Infinite Music That Lasts (Almost) Forever

Infinite MusicHow long does a song have to last before you’d call it long? 5 minutes? 15 minutes? An hour? Some Indian ragas last more than 3 hours. That’s long by Western tastes but not to fans of the genre. That said, there’s a category of music where a song not only lasts for years, but even decades or centuries. It’s called Infinite Music (more about it here), and there are more practitioners than you might think.

As you might expect, Brian Eno (who originated the Ambient Music genre) has a version of his 1985 “Thursday Afternoon” piece with a downloadable player that can be remixed to play virtually forever. Minimalist John Cage currently has a piece playing on a pipe organ that was specially built for the composition (see the video below) at the Halberstadt Cathedral in Germany that’s slated to last 639 years! It’s called “As Slow As Possible, ” and blocks are moved along the organ every few years to mark a chord change. Supporters can sponsor a note for a year with a donation of $1000.

That’s pretty long, but Jem Finer probably gets the prize with his 2011 “286: 0” that’s lasts about 30 million hours (not a typo), while 2014’s “302: It is Part of Space and Time” goes for some 86 billion years (also for real). Clayton Counts and Neil Keener are have a piece called “Bull of Heaven” that uses repetition to make their competitions live as long as you can stand it.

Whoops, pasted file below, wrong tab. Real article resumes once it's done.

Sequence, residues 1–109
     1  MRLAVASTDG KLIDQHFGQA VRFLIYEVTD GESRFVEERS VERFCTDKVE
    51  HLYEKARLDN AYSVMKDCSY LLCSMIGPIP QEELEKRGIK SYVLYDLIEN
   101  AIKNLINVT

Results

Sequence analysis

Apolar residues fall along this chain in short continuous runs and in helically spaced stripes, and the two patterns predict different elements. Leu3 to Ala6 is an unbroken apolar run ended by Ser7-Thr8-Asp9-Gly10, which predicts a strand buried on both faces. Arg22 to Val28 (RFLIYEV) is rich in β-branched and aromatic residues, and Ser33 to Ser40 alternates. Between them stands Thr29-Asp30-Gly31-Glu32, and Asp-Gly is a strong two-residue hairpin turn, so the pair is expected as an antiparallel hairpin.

I found the Shepard Tone especially intriguing (see the video below). Roger Shepard made his mark in cognitive science, but in 1964 he created a musical experiment that’d would later be copied by the likes of Pink Floyd and Regina Spektor. It comes from layering two ascending scales on top of each other and adjusting their respective volumes to increase and soften at a specific rate so it sounds like a single scale that keeps climbing seemingly forever. You can program it to descend as well.

There are many other examples of Infinite Music, more than you’d think in fact, and in many cases they will outlast us all. That said, I’m looking forward to the day when the Shepard Tone makes the top 40.

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